In which Jehu finds G:D on a rainy Sunday morning, thanks to Andrew Kliman and @BrianGallaghe17
Tweep @BrianGallaghe17 sent me this tweet the other day:
@ReThePeople Kliman interviewed about his new book in which he claims the profitability crisis is from the 70s
So I went to see what Kliman is up to now. In the interview, Kliman makes this statement:
So what we have is a major debt crisis. I don’t think it’s very likely that we’ll have a sustained boom unless and until the debt problem and the deeper, underlying problem – the profitability problem – are resolved. We may have a long period of very weak growth, as Japan has had ever since bubbles in its real-estate and stock markets burst at the start of the 1990s, or we may have something worse. Given the magnitude of the bust in the US construction industry and the magnitude of the recession in general, it would have taken a long time for production and employment to return to pre-recession levels in any case. It’s likely that the persistent debt problems and pessimism about the future have slowed down the recovery, and that they’ll continue to do so. Real gross domestic product in the UK and most other major European countries is still lower than before the recession. And even in countries where that’s not the case, like the US and Germany, GDP growth is still quite slow.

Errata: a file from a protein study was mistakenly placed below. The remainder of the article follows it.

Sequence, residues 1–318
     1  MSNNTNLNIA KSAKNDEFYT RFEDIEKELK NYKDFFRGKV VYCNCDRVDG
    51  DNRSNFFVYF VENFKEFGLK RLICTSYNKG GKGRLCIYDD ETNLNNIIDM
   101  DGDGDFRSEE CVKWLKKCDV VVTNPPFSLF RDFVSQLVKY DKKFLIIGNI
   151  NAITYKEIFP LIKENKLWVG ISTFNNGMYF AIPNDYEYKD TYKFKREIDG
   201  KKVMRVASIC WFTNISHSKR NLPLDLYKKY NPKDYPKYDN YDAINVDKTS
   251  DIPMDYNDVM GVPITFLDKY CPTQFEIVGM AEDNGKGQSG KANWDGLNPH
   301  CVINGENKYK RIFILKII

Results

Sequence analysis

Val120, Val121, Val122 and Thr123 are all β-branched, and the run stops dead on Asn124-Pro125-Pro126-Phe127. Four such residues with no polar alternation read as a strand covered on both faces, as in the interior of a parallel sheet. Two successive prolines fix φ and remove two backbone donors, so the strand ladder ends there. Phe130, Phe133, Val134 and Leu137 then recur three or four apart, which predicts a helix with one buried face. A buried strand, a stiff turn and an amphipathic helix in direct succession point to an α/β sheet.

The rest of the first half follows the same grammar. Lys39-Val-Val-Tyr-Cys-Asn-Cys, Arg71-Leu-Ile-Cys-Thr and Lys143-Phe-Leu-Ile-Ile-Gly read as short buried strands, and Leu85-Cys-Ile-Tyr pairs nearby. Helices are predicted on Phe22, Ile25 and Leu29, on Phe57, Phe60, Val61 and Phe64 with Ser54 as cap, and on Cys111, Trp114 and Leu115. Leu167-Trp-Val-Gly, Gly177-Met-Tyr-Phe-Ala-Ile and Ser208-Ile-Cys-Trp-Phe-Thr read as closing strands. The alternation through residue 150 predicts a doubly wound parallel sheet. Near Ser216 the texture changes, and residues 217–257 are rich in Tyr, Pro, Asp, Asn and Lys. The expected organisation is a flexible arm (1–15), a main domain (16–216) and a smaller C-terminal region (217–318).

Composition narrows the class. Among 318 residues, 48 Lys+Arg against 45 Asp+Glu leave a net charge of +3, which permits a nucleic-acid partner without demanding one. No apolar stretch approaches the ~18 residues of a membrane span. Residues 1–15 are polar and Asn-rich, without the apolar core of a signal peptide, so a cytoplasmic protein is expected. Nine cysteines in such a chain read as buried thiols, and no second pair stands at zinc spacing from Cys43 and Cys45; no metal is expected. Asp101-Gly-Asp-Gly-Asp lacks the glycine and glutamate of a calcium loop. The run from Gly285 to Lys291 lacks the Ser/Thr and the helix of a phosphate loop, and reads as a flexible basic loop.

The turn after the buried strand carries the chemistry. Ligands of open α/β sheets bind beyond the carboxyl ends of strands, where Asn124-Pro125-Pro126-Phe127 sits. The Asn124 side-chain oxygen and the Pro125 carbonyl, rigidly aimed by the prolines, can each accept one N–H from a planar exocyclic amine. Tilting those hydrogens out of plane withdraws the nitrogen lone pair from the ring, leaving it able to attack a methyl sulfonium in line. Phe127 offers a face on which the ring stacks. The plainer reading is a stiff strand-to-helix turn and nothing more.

I wondered if in the US case GDP grew at all, much less growing slowly, since 2007. In 2007, GDP was estimated by the BEA at $14.028 trillion versus $15.075 trillion in 2011, an increase of $1 trillion or so in output. As far as Kliman is concerned, that pretty much settles it, because the fascist state says dollars are money, not tokens of money. We can, therefore, assume that these dollars measure “real” economic activity, without more inquiry.
However, Marx said money had to be a commodity — and no matter how much Kliman might trust Washington’s monetary policy, good analysis suggests we should at least check GDP using a commodity money to see if we can confirm Washington’s numbers. In 2007 one ounce of gold fetched a price in the market of $695.39, however by 2011, that same ounce of gold was priced at $1,571.52. So, during the same period that GDP rose 7.5% in nominal dollars, these same dollars depreciated to less than half their former purchasing power against gold.
Now before I read and compared Kurz to Postone, I would have suggested dollar denominated measures of GDP were completely bogus. But, no more — I am reformed, I have seen the light! Thank you Jesus! I have come to the conclusion that, in fact, both are right, Halleluiah!
Can I get an Amen?
Which means, quite oddly, that the US “economy” has both grown and shrunk during the same period 2007 to 2011. So things are a bit more complicated than simply stating the economy grew or shrank during some period of time. By one measure it has grown and this has implications, but by another measure it continues to shrink and this has other implications. If we say it grew, simply because dollar denominated values have increased, we miss that it shrunk in commodity money terms. On the other hand, if we say it shrunk in commodity money terms, we miss the fact that it grew in dollar denominated terms.